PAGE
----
NFLPA to Examine Jackson’s Release
DeMaurice Smith, the executive director of the NFL Players' Association, says the union will look into the circumstances surrounding DeSean Jackson's release from the Philadelphia Eagles.
The Eagles' decision to cut ties with one of the most electrifying players in club history last Friday came after the team uncovered information about Jackson's off-field connections and activities, a source told ESPN NFL Insider Adam Schefter.
Shortly before Jackson's release from the Eagles, NJ.com published a story discussing Jackson's alleged gang connections. Jackson refuted that report.
Smith said the NFLPA will examine if the Eagles leaked comments or misinformation to the media about Jackson, who signed a three-year contract with the Redskins on Wednesday. That deal is worth $24 million, including $16 million guaranteed, according to league sources.
"That's something that we're going to look at," Smith said. "We've always been aggressive about protecting the integrity of our players, especially where we believe or think that a team may have done something that is impermissible, and that's something that we're gonna look at."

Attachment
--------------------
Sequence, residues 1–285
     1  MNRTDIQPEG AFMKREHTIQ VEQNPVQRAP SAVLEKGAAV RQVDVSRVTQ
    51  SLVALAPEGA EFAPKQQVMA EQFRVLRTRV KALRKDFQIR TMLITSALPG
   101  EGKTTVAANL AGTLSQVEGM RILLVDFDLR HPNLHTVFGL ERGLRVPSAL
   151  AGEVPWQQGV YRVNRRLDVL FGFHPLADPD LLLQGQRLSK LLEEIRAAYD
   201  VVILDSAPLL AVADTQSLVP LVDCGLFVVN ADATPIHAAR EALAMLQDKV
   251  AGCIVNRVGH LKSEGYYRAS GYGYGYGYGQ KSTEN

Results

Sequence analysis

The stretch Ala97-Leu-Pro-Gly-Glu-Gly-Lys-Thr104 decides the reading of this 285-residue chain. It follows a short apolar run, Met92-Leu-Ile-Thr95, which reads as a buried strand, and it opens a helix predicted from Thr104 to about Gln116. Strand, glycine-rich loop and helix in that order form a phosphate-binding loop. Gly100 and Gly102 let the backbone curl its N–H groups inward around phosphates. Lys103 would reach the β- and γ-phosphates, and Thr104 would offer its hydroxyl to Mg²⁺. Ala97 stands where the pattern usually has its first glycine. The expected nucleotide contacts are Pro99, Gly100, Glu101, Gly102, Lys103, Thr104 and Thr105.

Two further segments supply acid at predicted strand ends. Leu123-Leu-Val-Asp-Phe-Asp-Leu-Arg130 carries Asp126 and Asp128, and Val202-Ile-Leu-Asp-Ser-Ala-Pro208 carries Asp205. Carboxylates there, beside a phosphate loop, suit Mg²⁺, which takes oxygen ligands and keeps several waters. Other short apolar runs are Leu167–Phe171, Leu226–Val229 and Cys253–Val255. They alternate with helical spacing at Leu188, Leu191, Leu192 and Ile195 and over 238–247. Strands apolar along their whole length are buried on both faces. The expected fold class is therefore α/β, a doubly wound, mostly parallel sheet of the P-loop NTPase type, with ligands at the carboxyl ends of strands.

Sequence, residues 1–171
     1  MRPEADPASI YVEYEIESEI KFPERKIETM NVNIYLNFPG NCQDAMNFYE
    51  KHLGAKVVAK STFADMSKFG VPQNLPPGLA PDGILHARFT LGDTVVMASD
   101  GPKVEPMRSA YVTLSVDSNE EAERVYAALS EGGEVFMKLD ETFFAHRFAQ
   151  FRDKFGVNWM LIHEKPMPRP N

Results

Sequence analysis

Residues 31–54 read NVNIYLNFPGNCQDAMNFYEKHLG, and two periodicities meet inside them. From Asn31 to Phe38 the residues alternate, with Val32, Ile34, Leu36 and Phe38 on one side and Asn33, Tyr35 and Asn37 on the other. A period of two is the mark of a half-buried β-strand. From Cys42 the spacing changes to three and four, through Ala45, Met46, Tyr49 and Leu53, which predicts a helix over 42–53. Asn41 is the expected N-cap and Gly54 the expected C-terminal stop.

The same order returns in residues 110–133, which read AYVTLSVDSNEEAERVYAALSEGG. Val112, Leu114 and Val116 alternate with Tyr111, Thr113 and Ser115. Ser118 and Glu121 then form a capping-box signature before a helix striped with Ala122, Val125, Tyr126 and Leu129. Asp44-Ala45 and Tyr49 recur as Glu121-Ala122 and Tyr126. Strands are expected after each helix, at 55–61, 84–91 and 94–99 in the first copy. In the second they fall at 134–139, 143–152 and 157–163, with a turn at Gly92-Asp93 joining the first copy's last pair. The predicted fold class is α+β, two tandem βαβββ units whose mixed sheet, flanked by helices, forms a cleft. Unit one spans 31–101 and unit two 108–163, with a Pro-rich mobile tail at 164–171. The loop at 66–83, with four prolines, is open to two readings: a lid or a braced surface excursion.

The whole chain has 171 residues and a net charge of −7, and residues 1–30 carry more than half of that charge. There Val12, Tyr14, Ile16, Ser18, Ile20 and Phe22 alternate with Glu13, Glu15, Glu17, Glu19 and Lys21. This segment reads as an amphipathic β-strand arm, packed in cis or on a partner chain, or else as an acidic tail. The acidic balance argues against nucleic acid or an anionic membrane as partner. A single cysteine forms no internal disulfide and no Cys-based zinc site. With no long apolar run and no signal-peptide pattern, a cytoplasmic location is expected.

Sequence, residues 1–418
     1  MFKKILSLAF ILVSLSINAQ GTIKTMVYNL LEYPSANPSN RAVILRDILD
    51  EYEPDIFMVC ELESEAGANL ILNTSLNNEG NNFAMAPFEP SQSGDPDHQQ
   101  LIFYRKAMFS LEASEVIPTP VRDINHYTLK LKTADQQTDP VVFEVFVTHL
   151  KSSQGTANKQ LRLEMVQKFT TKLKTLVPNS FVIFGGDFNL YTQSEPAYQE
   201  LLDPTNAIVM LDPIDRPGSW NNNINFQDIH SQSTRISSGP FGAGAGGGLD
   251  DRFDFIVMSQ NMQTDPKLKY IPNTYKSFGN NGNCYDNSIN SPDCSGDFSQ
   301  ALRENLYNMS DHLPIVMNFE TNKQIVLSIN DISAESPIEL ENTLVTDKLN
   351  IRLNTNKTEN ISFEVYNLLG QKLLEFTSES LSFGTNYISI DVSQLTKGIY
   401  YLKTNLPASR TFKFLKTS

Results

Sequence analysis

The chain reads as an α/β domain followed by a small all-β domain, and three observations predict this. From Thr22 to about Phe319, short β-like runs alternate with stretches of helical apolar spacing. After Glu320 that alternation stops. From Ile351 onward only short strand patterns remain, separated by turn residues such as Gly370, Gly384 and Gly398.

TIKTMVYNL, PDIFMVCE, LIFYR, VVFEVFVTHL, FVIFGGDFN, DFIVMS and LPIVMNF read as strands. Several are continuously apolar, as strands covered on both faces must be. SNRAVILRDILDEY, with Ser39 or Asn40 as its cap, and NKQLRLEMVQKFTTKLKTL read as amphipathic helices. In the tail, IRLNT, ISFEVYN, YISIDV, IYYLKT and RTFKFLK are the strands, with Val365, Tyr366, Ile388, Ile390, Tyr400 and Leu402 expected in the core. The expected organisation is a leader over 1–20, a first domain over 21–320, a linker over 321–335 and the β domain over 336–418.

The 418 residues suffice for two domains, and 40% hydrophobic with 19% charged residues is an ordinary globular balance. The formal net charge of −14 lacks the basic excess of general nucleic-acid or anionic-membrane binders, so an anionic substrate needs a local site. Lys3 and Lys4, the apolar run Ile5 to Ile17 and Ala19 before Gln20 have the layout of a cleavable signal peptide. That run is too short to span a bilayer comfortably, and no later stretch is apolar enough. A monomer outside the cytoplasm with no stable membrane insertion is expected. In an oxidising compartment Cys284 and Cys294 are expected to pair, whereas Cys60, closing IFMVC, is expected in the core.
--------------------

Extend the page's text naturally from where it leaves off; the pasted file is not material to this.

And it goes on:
The Eagles issued a statement saying they decided to release Jackson "after careful consideration." The team has withheld further comment.
A league source told ESPN's Sal Paolantonio that the Eagles decided to release Jackson for a number of reasons due mostly to "work ethic and attitude."
"You're talking to a guy who spent 10 years as a federal prosecutor in Washington, D.C., and I grew up in the city ... to have someone come out and say 'gang affiliation,' I'm not sure I know what that means," Smith said. "I certainly know what it means to prosecute members of a gang. I certainly know what it means to be a member of organized crime. I don't know what it means when a team or an official says that there's 'gang affiliations.'
"To me, the real issue is this is the business of football. If you want to make a decision to cut a player, tell a player he's cut. Make a decision. But if you want to smear a player with innuendo or something that is less than proof ... you know that I was very aggressive in calling a few GMs cowards for what they said about a young man coming out of college [former Missouri defensive end Michael Sam]. It seems to me that the same thing applies ... if you want to smear someone and you don't have any evidence."
Jackson is set to be interviewed by ESPN's Stephen A. Smith later Friday. That interview is scheduled to be aired on "SportsCenter" at 6 p.m. ET.